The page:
Sophia on the web
A Resource Guide for Philosophy Students
Created by Jennifer Leslie Torgerson, MA
This page last modified: April 23, 2013
© copyright, 1997 - present
Frederick Copleston, S.J., A History of Philosophy: Book Two. (New York, NY: Doubleday, 1985 ).
David Hume. An Enquiry Concerning the Principle of Morals. Editor, J. B. Schneedwind. (Indianapolis, IN: Hackett Publishing Company, 1983).
________, Enquiries Concerning Human Understanding and Concerning the Principle of Morals. Third Edition, revised by P. H. Nidditch. (Oxford, UK: Open University Book Set Clarendon Press, 1995 ).
Smith, and Grene. Philosophers Speak For Themselves. (Chicago, IL: The University of Chicago Press, 1957).
The works of Hume
A Treatise on Human Nature (written between 1734-37), which becomes the Enquiry Concerning Human Understanding, in 1751.
Enquiry Concerning the Principles of Morals (1751).
Four Dissertations (one concerning Natural History of Religion) published in 1757.
History of England under the House of Tudor (1759).
History of England from the Invasion of Julius Caesar to the Accession of Henry VII (1761).
(bio. from Philosophers Speak For Themselves, Smith, and Grene). Hume was born in Edinburgh in 1711, and was brought up in the Ninewalls, in the rigid Calvinism of the Scottish church, and received his formal education at the University of Edinburgh. He read extensively in modern, and to some degree in ancient philosophers, and Hume devoted his entire life to philosophy. Three years retirement in France enabled him to finish Treatise on Human Nature, which appeared in 1739, and as Hume said it was "deadborn from the Press." Later in his Enquiry Concerning Human Understanding, Hume tried to restate his doctrine in a more acceptable form. Hume died in Edinburgh in 1776.
In Hume's Enquiry Concerning Human Understanding (IV (i)), he makes a distinction between "matters of fact" and "relations between ideas". This is known as Hume's fork.
Logical proof only applies to the latter sphere, or "relations between ideas". For example: relations between ideas are as such "2+2=4" and "if A is larger than B, and B is larger than C, then A is larger than C". But matter of fact about existence can only be demonstrated empirically: for example "this cat is larger than that cat" and "New York is larger than Chicago" are propositions which can only be demonstrated by experience, and NOT by studying the terms involved. Relations between ideas do not grant the actuality of these ideas in reality, in fact they have nothing to do with experience, or empirical proof.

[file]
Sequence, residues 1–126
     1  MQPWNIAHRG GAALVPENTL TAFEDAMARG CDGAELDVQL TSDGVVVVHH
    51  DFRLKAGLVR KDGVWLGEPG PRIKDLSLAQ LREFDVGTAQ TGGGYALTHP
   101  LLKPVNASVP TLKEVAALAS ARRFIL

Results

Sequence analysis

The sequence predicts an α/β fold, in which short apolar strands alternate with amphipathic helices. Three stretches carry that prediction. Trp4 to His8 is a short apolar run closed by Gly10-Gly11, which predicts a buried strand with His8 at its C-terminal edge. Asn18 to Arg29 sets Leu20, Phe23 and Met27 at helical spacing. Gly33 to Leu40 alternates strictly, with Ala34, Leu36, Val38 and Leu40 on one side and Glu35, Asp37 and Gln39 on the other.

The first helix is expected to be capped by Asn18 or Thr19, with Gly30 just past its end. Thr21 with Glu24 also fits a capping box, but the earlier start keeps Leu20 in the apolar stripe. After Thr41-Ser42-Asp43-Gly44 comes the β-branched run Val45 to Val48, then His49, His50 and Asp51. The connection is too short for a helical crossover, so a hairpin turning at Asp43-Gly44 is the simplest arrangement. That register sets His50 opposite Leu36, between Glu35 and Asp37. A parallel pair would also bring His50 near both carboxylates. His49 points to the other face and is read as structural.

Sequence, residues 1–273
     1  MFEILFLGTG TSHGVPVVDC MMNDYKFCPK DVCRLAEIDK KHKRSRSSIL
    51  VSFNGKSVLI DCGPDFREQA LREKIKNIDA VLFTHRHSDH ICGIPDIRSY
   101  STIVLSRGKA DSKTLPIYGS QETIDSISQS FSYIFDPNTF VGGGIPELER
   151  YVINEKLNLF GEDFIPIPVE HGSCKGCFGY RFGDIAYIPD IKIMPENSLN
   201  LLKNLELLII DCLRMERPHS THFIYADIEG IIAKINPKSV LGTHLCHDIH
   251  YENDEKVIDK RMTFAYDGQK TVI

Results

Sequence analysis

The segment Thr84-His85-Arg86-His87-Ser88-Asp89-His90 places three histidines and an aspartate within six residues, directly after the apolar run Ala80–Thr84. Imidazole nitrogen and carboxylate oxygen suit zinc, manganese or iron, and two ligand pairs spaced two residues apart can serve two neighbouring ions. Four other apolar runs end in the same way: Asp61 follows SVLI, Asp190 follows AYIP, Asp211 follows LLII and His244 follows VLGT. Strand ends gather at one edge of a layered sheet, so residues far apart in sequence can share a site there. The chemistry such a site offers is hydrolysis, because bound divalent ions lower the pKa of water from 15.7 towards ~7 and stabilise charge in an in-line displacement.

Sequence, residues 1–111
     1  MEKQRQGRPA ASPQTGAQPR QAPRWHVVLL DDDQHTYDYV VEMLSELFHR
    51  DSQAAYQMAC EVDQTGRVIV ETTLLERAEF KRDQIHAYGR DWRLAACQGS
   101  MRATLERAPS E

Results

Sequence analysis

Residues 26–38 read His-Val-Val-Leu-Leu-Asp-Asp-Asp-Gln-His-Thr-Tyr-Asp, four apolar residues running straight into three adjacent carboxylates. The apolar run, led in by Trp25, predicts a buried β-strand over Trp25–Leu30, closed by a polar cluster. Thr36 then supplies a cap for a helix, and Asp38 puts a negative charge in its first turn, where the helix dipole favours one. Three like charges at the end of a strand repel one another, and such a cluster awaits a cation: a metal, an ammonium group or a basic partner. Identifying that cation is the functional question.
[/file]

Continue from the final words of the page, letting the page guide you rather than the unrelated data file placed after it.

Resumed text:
As Hume puts it "there is an evident absurdity in pretending to demonstrate a matter of fact, or to prove it by any by any arguments a priori . Nothing is demonstrable unless the contrary implies a contradiction. Nothing that is distinctly conceivable implies a contradiction. Whatever we can conceive as existent, we can also conceive of as nonexistent. There is no being whose non-existence implies a contradiction. Consequently there is no being whose existence is demonstrable." from: Dialogues Concerning Natural Religion.
This distinction is substantially the same as that of truths of reason and truths of fact in Leibniz earlier. But it is its aggressive employment in Hume that makes Hume's version the classical anticipation of logical positivism's challenge to choose between, on the one hand, analytic, a priori, and logically necessary, and on the other hand, synthetic, a posteriori, and contingent.
Hume's Enquiry Concerning Human Understanding had many sides, but its aim was to discover, in Locke's words, "what objects of our understanding were, or were not, fitted to deal with." In one aspect it is one great work in a succession beginning with Locke's Essay Concerning Human Understanding, and continuing in Kant's A Critique of Pure Reason. Like Kant, Hume sees himself as conducting a anti-Copernican counter revolution. Copernicus had knocked the Earth, and by implication man, from the center of the universe. Hume's study of human nature was to put man at the center of every map of knowledge.